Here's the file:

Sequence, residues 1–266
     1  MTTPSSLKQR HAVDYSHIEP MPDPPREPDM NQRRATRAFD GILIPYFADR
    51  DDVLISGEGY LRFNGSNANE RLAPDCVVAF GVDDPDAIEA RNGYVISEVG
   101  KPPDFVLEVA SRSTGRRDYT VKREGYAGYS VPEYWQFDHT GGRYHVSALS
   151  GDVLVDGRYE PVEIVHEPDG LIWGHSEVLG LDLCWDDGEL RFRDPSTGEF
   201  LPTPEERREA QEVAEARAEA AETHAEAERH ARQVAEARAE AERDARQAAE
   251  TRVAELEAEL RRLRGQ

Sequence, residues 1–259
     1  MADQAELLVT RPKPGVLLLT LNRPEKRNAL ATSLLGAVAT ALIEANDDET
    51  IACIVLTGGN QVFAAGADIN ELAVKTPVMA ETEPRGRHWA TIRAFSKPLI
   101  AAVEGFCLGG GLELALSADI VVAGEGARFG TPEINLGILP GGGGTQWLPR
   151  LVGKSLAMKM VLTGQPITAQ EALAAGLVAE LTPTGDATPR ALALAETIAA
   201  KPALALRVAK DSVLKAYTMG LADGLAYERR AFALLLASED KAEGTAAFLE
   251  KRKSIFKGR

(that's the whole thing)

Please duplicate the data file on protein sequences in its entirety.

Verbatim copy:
Sequence, residues 1–266
     1  MTTPSSLKQR HAVDYSHIEP MPDPPREPDM NQRRATRAFD GILIPYFADR
    51  DDVLISGEGY LRFNGSNANE RLAPDCVVAF GVDDPDAIEA RNGYVISEVG
   101  KPPDFVLEVA SRSTGRRDYT VKREGYAGYS VPEYWQFDHT GGRYHVSALS
   151  GDVLVDGRYE PVEIVHEPDG LIWGHSEVLG LDLCWDDGEL RFRDPSTGEF
   201  LPTPEERREA QEVAEARAEA AETHAEAERH ARQVAEARAE AERDARQAAE
   251  TRVAELEAEL RRLRGQ

Sequence, residues 1–259
     1  MADQAELLVT RPKPGVLLLT LNRPEKRNAL ATSLLGAVAT ALIEANDDET
    51  IACIVLTGGN QVFAAGADIN ELAVKTPVMA ETEPRGRHWA TIRAFSKPLI
   101  AAVEGFCLGG GLELALSADI VVAGEGARFG TPEINLGILP GGGGTQWLPR
   151  LVGKSLAMKM VLTGQPITAQ EALAAGLVAE LTPTGDATPR ALALAETIAA
   201  KPALALRVAK DSVLKAYTMG LADGLAYERR AFALLLASED KAEGTAAFLE
   251  KRKSIFKGR